Love your post, and I feel exactly the same sometimes. I am white and married a man from another race and religion and have mixed race children. I find it very hurtful when listening to racist comments especially when it is your own family! Occasionally I try to argue back but quite simply they don't want to listen so there is not much point! Each family get together it is people asking personal questions that is uncomfortable, because they don't ask the other family members questions! I think my kids find it harder because they are not what you would call dark skinned, two are white and one has what I would call an olive complexion. The only difference is they have muslim names, so this is where they are noticed differently at school!
    PS Keep up your good work, love reading your posts. karima xx

    • Chantilly Pati&ntild says

      Thank you so much for the comment Karima! Sometimes I feel all alone in this, which is why I started this blog. I'm so glad that I'm finding supportive people online who understand the interracial mindset. It's absolutely terrible the types of humiliating and upsetting questions and comments that our families feel justified in burdening us with. I can't tell you how many times I've felt like I had to turn down questions from family about my husband's anatomy! I completely understand you on not being heard…and just think, this is what 'our people' are doing to minorities…it's terrible! I hear ya on raising biracial kids too…luckily my daughter is still young, so she doesn't really get it yet, but this is something that we'll be talking about a lot on the new multicultural blog. If you haven't seen it yet, I do have a post that gives some advice on the topic… http://www.biculturalmom.com/2011/02/12/how-to-ra

  2. Latinaish says

    Thanks for writing this Chantilly – it's not an easy topic. I relate to a lot of what you said even though I come from a very open-minded family. My sisters, parents and even grandparents accepted my husband without hesitation — but even so, I've experienced some of what you talk about. The funny thing is, racism isn't always easy to identify. It isn't as obvious as a racial slur full of hatred, (or like the time a complete stranger called me a "race traitor"…) — Sometimes racism is borne of simple ignorance and misinformation – pre-conceived notions, which need to be corrected… like you said – something as simple as that impulse to lock one's car doors.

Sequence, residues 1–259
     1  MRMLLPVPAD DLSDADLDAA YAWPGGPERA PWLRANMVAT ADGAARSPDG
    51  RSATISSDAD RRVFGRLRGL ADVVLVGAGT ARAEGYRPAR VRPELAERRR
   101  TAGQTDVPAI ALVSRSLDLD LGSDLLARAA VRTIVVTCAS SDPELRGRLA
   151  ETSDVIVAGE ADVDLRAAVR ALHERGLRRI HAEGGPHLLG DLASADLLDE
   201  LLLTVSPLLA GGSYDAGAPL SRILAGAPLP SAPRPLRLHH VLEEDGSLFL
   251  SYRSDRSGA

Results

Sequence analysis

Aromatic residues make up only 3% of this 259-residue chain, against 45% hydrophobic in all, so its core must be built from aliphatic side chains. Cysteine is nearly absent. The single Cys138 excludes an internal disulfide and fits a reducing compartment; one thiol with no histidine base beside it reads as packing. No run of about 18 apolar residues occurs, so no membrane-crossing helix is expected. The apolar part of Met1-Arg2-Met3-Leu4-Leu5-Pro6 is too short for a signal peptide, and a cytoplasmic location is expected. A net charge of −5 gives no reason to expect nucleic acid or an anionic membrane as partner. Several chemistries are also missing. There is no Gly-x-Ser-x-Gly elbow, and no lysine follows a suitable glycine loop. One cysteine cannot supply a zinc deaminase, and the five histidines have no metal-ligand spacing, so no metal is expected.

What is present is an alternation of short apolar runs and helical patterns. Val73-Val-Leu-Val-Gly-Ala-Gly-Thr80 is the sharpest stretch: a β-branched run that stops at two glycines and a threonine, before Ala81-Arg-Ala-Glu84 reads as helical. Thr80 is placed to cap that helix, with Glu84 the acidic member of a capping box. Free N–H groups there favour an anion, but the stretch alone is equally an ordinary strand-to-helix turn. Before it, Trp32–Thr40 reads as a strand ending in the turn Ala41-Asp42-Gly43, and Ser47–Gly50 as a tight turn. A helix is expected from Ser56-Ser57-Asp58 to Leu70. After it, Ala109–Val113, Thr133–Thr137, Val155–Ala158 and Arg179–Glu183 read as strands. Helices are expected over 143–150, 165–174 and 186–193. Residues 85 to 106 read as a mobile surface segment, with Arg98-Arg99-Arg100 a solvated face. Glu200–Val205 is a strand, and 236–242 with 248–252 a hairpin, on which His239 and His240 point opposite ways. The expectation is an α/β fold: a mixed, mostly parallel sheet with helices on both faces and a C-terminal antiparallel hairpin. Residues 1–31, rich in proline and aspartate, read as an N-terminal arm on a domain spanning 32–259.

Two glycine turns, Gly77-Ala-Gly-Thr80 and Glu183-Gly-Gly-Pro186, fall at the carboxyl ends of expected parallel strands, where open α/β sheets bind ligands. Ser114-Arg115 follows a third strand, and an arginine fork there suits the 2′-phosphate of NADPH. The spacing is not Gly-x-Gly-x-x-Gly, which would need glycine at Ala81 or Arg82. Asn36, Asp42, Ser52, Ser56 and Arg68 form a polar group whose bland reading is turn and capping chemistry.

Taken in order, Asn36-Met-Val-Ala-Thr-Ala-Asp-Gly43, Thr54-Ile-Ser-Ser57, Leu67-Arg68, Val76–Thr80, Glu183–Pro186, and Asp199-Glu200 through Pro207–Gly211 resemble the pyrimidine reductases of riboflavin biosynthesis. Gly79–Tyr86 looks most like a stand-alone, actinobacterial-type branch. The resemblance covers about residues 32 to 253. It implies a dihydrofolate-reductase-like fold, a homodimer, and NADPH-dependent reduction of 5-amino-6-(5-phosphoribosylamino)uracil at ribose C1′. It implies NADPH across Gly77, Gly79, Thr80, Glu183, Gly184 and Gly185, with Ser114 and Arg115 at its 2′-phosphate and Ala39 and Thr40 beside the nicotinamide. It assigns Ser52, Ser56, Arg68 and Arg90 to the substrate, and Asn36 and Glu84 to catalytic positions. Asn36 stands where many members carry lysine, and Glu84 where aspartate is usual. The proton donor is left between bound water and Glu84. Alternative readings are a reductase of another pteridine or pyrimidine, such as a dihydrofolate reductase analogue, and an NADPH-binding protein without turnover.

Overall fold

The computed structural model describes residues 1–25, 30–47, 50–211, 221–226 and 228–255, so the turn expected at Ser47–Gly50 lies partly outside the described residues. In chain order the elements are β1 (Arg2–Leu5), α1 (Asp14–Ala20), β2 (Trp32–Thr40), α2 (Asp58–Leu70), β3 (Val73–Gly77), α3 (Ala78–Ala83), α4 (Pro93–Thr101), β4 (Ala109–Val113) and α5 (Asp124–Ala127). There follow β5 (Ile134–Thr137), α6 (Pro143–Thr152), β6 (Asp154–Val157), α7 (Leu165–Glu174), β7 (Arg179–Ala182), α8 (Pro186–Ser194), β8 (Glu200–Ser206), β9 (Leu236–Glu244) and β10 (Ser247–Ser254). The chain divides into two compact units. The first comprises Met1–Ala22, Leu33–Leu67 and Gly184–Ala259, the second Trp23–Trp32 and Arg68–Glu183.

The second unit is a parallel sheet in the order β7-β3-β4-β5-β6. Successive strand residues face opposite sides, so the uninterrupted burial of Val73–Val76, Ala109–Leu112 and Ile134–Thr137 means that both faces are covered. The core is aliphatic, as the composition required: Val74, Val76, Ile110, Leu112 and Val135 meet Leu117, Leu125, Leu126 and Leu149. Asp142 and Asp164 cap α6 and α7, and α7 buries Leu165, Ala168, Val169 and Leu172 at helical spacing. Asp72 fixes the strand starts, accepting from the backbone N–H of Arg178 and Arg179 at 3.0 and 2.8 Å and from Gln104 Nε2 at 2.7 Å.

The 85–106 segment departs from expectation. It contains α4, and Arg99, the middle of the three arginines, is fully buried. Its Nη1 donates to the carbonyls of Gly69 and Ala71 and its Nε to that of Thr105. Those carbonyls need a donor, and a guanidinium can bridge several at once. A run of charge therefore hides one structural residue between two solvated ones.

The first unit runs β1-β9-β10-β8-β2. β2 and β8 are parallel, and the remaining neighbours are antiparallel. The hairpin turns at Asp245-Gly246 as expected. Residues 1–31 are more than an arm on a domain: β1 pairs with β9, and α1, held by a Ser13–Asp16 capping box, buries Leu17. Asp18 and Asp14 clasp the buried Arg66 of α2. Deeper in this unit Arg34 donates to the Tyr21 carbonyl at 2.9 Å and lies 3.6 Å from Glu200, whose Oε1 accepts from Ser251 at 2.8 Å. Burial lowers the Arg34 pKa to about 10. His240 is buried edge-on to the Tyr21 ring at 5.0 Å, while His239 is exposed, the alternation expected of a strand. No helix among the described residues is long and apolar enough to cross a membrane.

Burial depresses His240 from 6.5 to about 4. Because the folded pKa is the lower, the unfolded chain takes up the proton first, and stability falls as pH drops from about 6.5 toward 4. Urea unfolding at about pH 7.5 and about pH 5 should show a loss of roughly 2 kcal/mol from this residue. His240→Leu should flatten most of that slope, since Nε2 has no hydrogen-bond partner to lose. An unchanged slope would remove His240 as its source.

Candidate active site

As a white person, if we don't get a job, we never wonder if it was because of our skin color – but as a brown person, or a person married to a brown person, you become hypersensitive to the possibility. Sometimes it is because of skin color, and sometimes it's not – but there's always that unsettling feeling that it's a possibility.

    I see people in interracial/bicultural marriages as ambassadors or diplomats almost. I think we have a responsibility to use our marriage as a teaching tool for others who haven't had the learning opportunity that we've had. I know it's unfair that we're burdened with that on top of the difficulty of making our marriages work, but if a few minds are opened because of it, it is worth it.

  3. Chantilly Pati&ntild says

    Thanks for the comment Tracy. I'm with you, we do have a unique opportunity to share 'race' with our family and friends and also unique insights from both sides of the story. At times, that position can be frustrating and demoralizing when you are met with many negative responses, but it's also encouraging when you see that you're able to get through to someone. I know that constantly explaining themselves and going unheard can be common for many minorities and it's upsetting to imagine a lifetime of it.

    I truly believe though, that talking about it builds awareness and that there are lots of white like us out there who want to learn more, but don't know where to go for information. If you haven't been raised around people of color and especially if you've been raised hearing lots of stereotypes, it can be intimidating and uncomfortable to ask the questions or make the connections that would help you to find understanding. I think that online communities where colors collide can be that link between us and deflate racism and prejudice. We most definitely are ambassadors between communities. :)

  4. Beth O says

    It just hurts so much more when you know how those kinds of attitudes do impact someone you love so much.
    I'm lucky enough with my parents and family I guess. Remember your blog post about buying your daughter "black dolls"… I did that years ago with my (white) daughter, and when my mom asked me why I said "if she falls in love with a black man her babies would look sort of like this." My mom was speechless but I know she tries to understand. Things like suddenly locking the car doors when driving through certain parts of town were not really questioned before, and it's uncomfortable being the one to bring this sort of thing to their attention. A few years ago I married a Mexican and my aunt asked me once why would I want to be in with those people. It's hard not to be angry but I think she just really wanted to understand. I answered her truthfully, when you marry a person you marry their culture and their family too. Something about my husband's family resonates with me and reminds me of my own family: large, loud, singing/eating/drinking/loving and yes working a bit harder than other people or maybe than is really wise, proud of who they are without being pretentious, smart although didn't get the opportunity for a lot of education, genuine, honest, and above all devoted to each other. "Gente sencilla." My father said he could see what I mean. I take what small victories I can get. Maybe our generation is opening things up for future generations to be more courageous…